In oth­er words, they should know exact­ly what is expect­ed of them if they want to win rewards XYZ. Employ­ees should also know how they could offer recog­ni­tion to a col­league who has impressed them with their work.

    Build in Anticipation

    “Antic­i­pa­tion is every­thing,” says Shel­ley. In fact, some employ­ees say the antic­i­pa­tion can be greater than the reward itself, she adds. Talk about what it will be like if a team or indi­vid­ual achieves the require­ments to win the reward. Dis­cuss the expe­ri­ences of those who have won before to help oth­ers dream about it.

    Automate

    Automa­tion is a great way to inte­grate rewards pro­grams in hybrid and remote work­places. For exam­ple, some com­pa­nies have a “giveku­dos” Slack chan­nel, where team­mates can give shout outs to those who have done well or helped them, and they auto­mat­i­cal­ly get a $10 gift card.

    Avoid Pitfalls

    HR lead­ers can eas­i­ly fall into com­mon traps when dol­ing out rewards. A big mis­take is to just hand out rewards as a means of “check­ing the box,” warns Shel­ley. After all, peo­ple real­ize when some­thing is giv­en to them ingenuously.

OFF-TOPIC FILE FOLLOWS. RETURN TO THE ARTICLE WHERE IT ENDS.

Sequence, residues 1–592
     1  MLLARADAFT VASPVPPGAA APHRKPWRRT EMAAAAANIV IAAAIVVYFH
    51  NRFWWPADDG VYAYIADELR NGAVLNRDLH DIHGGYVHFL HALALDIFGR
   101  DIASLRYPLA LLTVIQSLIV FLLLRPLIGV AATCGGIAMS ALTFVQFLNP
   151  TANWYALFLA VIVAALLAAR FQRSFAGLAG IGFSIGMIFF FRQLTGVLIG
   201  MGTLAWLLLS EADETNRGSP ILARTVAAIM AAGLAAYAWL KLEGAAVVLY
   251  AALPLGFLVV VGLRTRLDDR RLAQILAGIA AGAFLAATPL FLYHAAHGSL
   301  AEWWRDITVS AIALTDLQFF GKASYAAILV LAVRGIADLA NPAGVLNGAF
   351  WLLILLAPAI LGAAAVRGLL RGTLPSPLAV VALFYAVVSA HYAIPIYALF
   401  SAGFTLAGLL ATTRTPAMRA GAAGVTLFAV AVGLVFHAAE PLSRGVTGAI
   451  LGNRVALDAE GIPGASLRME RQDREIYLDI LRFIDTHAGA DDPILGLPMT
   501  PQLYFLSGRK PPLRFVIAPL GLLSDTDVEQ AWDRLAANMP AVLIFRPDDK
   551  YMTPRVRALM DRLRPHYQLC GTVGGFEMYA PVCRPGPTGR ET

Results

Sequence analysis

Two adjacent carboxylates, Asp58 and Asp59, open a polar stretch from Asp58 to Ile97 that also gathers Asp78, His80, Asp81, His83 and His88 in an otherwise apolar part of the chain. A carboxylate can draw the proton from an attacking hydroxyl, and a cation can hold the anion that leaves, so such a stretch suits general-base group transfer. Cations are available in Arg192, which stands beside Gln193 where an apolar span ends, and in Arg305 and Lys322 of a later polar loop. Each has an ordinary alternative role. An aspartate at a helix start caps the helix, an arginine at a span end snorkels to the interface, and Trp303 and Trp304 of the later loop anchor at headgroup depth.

Anoth­er error is mak­ing the pro­gram over­com­pli­cat­ed. Shel­ley shared the sto­ry of a col­league who cre­at­ed a rewards pro­gram with dif­fer­ent lev­els and lots of qual­i­fi­ca­tions. It was too cum­ber­some, and no one under­stood how to give or receive rewards. So, they had to pare it down and simplify.

    Being one-dimen­sion­al with­out giv­ing thought to all the pos­si­bil­i­ties is a pit­fall that HR lead­ers can avoid by think­ing out­side the box. Over­com­pen­sat­ing to make up for low appre­ci­a­tion scores is anoth­er way to defeat the pur­pose of a rewards pro­gram. Employ­ees should feel spe­cial and appreciated.

    Final­ly, employ­ers should assess whether they are reward­ing the cor­rect behav­iors. Shel­ley shares the sto­ry of a pre­vi­ous employ­er, who hand­ed out awards to hard work­ers who had been burn­ing the mid­night oil. But the com­pa­ny includ­ed a val­ue about main­tain­ing work-life bal­ance. It did­n’t match with their mis­sion, and it sent the wrong message.

    By Francesca Di Meglio

    Orig­i­nal­ly post­ed on HR Exchange Network

  • Best Practices for Employee Appreciation

    May 30, 2022